by Jim Cymbala
When Christians experience joy today, it has a much more powerful impact on the world than it did decades ago. Why? Because the entitlement mentality so prevalent in our society leads many to feel justified in their anger. We may think, “The government, my employer, my family — someone for sure! — owes me big-time. I’m entitled because my life has been hard. You have no idea what I’ve been through.” There is often a deep resentment in that kind of complaint.
If you carefully analyze international affairs, national politics, call-in radio shows, blogs, labor disputes, and race relations, you find a worldwide epidemic of venom and bitterness. It’s everywhere and, sadly, it has also invaded the Body of Christ. It is the exact opposite of the joyous living that Jesus intended for all of us. “I have told you this so that my joy may be in you and that your joy may be complete” (John 15:11).
Centuries before Jesus said those words, joy was already understood as an important facet in the life of God’s chosen people. Moses instructed them that the blessings of God were granted so that “your joy will be complete” (Deuteronomy 16:15). Enjoying God’s presence produced an even deeper joy than any material blessing (Psalm 21:6), and God’s people were to continually celebrate his goodness with “songs of joy” (Psalm 107:22).
When singing a song of joy, it wasn’t only the lyrics or melody that made the song worshipful; the singers needed a heart of joy for all that the Lord had done for them. God was more interested in joyful hearts than vocal ability — that’s why David’s attitude pleased God so much. Although surrounded by enemies and under intense stress, David didn’t complain or get bitter. Rather, he went to the tabernacle and made sacrifices with “shouts of joy,” saying, “I will sing and make music to the Lord” (Psalm 27:6).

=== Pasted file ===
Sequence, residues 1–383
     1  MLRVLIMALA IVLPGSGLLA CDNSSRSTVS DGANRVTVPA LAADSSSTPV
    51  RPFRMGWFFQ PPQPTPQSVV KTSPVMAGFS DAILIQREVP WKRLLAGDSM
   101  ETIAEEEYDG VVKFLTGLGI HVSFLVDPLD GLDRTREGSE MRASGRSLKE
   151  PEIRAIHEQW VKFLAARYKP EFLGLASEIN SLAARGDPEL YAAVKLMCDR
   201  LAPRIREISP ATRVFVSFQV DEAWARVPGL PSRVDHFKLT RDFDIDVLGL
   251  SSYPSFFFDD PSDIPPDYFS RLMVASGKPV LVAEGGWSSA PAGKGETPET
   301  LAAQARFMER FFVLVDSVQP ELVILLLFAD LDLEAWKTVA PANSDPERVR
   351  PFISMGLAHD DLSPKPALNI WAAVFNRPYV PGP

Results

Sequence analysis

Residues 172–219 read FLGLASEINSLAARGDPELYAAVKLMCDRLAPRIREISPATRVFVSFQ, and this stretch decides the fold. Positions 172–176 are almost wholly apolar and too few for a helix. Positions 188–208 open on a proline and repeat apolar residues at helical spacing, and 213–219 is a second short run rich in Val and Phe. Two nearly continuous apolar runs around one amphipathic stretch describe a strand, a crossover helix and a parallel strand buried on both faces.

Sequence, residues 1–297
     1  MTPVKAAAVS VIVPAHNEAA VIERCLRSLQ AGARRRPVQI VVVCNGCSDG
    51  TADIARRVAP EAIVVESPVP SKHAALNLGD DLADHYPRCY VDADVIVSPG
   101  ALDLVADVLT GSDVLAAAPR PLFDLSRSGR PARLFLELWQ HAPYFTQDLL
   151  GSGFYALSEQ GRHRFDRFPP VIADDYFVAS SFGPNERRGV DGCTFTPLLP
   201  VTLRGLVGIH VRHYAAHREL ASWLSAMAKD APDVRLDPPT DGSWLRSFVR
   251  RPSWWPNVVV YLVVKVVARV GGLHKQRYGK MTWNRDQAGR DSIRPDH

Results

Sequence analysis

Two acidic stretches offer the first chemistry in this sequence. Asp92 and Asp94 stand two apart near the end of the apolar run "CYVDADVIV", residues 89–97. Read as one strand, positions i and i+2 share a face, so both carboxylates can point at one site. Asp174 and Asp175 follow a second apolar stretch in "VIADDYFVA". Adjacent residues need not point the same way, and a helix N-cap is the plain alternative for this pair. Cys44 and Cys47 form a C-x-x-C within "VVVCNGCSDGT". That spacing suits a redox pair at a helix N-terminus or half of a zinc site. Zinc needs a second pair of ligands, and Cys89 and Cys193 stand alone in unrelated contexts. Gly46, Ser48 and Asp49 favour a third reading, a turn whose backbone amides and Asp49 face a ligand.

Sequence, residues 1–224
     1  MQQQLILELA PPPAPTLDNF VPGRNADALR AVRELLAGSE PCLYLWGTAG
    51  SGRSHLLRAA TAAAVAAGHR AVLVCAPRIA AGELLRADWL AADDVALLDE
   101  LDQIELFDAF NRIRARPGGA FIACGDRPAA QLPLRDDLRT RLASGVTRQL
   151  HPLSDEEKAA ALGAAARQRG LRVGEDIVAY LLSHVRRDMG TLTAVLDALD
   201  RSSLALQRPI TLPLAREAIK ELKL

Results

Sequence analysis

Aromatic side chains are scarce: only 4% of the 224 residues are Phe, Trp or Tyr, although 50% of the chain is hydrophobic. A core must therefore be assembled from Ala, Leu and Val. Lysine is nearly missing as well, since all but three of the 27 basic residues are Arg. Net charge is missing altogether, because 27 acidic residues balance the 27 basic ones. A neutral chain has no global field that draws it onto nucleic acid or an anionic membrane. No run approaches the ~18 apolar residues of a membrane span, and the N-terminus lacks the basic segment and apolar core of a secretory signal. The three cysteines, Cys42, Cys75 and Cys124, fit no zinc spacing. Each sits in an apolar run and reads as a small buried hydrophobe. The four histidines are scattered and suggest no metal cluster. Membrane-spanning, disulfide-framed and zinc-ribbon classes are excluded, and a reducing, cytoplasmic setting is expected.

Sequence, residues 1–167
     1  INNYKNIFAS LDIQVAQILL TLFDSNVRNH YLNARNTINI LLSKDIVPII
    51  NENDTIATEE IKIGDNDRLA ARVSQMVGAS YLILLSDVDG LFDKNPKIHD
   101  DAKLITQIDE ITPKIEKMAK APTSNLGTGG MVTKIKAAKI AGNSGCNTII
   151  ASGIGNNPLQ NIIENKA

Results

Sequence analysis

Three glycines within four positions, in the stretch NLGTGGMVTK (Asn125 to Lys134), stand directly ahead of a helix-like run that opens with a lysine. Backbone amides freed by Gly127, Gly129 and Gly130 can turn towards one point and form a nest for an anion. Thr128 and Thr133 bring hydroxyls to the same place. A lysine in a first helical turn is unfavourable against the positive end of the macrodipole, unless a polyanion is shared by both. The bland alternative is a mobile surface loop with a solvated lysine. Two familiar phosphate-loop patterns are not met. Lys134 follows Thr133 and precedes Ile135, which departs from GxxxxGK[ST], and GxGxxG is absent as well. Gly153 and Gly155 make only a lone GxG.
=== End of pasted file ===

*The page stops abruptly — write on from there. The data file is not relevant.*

We Christians have been forgiven, cleansed, justified, and sealed with the Spirit — and we will live eternally with Christ! Joyous singing, shouts of praise, and exuberant thanksgiving are certainly in order. Although there is a time to “be still, and know that I am God” (Psalm 46:10), we should also remember to “sing for joy to God our strength; shout aloud to the God of Jacob” (Psalm 81:1).
by Jim Cymbala